Recursion in programs, thought, and language

Phil Johnson-Laird, along with his collaborators Monica Bucciarelli, Robert Mackiewicz, and myself, published a paper in Psychonomic Bulletin & Review that reviewed research into how humans consciously reason about recursive operations. Though the term “recursion” is often used by...

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M&C paper on negating counterfactual and semifactual conditionals

Orlando Espino, Isabel Orenes, and Sergio Moreno-Ríos recently investigated how people comprehend the negation of two distinct types of conditionals — counterfactuals and semifactuals — and published their results in Memory & Cognition. Their work shows that, like indicative...

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Dames et al. investigate the stability of syllogistic reasoning in T&R

Hannah Dames, Karl Christoph Klauer, and Marco Ragni published a paper in Thinking & Reasoning about the stability of syllogistic reasoning, i.e., how performance changes from one test to another. They find that reasoning ability isn’t inherently...

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New paper on negation and counterfactual reasoning out in Current Psychology

Jesica Gómez-Sánchez and her colleagues Sergio Moreno-Ríos and Caren Frosch recently published a new paper in Current Psychology on how counterfactual reasoning interacts with thinking about negation. They find that both children and adults construct counterfactuals that serve as...

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Reasoning with counterintuitive and arbitrary conditionals

In recent years, arbitrary conditionals such as, “If a person goes shopping, then that person gets pimples”, have challenged many existing accounts of conditional reasoning. Estefania Gazzo Castañeda and Markus Knauff recently published new data shedding light...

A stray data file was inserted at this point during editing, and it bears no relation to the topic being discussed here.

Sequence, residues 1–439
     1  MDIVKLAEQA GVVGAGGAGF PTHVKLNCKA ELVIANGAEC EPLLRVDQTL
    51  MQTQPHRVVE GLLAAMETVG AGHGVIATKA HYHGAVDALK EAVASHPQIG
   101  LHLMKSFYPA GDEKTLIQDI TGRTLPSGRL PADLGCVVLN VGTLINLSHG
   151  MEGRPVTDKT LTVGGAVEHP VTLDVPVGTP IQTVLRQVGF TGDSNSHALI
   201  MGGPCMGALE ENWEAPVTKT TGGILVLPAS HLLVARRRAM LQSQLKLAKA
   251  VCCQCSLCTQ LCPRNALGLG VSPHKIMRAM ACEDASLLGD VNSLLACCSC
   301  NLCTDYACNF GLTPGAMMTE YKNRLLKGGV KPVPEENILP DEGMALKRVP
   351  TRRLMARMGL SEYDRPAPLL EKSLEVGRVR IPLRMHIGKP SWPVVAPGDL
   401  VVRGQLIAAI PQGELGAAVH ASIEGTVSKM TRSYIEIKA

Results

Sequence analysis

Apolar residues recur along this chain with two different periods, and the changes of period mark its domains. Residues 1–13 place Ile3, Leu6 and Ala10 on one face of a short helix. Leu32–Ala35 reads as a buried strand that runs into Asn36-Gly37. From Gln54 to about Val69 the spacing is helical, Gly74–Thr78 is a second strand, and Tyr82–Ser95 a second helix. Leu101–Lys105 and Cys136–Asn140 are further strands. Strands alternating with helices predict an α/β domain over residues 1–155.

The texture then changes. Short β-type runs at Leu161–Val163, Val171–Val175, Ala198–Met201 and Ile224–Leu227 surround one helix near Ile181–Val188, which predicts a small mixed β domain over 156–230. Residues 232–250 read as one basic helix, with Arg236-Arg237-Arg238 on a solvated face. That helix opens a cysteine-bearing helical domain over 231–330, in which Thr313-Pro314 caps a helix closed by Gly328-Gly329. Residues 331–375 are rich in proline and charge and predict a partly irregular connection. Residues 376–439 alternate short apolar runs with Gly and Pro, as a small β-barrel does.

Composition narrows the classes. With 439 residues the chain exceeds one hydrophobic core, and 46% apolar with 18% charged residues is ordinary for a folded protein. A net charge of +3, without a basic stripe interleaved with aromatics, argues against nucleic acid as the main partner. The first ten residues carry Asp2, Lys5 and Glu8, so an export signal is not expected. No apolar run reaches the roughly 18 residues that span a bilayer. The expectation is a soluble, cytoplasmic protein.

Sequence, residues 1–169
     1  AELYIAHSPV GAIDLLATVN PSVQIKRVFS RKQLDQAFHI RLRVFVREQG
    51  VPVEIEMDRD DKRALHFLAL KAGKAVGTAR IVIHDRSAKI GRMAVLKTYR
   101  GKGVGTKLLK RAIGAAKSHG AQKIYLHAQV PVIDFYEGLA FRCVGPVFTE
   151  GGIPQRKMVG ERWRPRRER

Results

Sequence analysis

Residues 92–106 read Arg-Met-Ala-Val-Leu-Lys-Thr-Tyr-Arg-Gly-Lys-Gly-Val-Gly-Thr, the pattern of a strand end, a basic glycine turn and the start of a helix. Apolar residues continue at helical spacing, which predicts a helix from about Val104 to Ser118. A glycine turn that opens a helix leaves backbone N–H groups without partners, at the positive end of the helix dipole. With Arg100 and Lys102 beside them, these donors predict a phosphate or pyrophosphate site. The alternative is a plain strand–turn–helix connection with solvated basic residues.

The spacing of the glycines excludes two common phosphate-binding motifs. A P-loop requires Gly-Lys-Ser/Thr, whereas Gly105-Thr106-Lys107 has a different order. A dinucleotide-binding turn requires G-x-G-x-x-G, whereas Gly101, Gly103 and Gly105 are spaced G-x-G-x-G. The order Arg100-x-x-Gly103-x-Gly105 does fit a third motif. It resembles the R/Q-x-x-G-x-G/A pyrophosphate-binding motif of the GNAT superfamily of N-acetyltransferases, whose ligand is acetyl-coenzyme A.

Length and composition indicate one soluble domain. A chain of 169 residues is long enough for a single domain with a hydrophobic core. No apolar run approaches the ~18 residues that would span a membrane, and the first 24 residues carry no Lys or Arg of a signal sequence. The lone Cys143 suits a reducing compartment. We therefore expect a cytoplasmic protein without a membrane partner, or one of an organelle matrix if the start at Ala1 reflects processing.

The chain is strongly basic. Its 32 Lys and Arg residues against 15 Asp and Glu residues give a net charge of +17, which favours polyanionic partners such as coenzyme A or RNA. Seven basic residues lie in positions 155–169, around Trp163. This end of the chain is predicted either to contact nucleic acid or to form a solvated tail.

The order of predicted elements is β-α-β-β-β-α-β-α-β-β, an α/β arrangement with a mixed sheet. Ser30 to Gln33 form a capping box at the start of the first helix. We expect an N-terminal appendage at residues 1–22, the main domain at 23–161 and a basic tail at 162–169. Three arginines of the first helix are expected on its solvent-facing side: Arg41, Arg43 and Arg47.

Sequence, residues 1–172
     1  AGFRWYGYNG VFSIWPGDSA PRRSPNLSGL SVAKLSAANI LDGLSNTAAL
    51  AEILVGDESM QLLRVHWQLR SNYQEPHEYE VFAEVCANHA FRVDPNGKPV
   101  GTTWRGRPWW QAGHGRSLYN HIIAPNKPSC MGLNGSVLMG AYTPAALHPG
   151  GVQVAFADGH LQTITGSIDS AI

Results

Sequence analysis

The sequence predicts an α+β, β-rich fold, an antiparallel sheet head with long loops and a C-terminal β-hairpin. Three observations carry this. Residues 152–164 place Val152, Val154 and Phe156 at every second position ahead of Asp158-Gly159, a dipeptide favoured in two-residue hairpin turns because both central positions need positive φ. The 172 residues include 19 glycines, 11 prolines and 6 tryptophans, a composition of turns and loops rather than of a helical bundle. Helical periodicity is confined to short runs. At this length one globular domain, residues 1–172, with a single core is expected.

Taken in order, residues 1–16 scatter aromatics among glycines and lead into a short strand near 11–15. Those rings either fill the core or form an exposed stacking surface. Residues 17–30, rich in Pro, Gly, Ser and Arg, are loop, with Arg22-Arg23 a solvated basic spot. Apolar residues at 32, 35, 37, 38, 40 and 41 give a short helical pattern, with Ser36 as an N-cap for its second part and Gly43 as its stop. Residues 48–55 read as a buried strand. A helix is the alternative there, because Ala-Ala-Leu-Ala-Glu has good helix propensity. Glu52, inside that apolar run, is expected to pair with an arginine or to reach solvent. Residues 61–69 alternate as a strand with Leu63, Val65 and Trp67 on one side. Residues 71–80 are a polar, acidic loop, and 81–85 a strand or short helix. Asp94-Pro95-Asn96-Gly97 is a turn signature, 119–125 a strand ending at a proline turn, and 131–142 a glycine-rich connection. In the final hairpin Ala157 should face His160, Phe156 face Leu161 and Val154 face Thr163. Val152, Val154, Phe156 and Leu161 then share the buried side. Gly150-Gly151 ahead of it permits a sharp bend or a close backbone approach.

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Isabel Orenes on perceiving negations

Isabel Orenes published a new paper in the Journal of Psycholinguistic Research on how people perceive negative sentences. She reports on eye-tracking data that suggest that people have an easier time processing symbolic representations rather than iconic simulations....

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Chapter on rational deductions in the Routledge Handbook of Bounded Rationality

Phil Johnson-Laird released a new chapter coming out in the Routledge Handbook of Bounded Rationality on the model theory and how it establishes principles of rationality. Here is an excerpt from the chapter: Can naïve individuals – those who...

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Paper on free choice permissions, paradoxes, and disjunctive reasoning now out in JCP

Phil Johnson-Laird, Cristina Quelas, and Celia Rasga publised a paper in the Journal of Cognitive Psychology titled “The mental model theory of free choice permissions and paradoxical disjunctive inferences”. The paper addresses paradoxes of free choice, as in: You can...

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New paper on counterfactual thoughts about cooperation in social dilemmas

Stefania Pighin, Ruth Byrne, and Katya Tentori published a new paper in Thinking & Reasoning about how people think about how things could have turned out differently after deciding to cooperate or not in social games. Their paper is...

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López-Astorga et al. review the probability of conditionals in PBR

Miguel López-Astorga, Marco Ragni, and Phil Johnson-Laird present a new review on the probability of conditionals in Psychonomic Bulletin & Review: their analysis focuses on the psychological plausibility of the proposal that the probability of expressions such as if...

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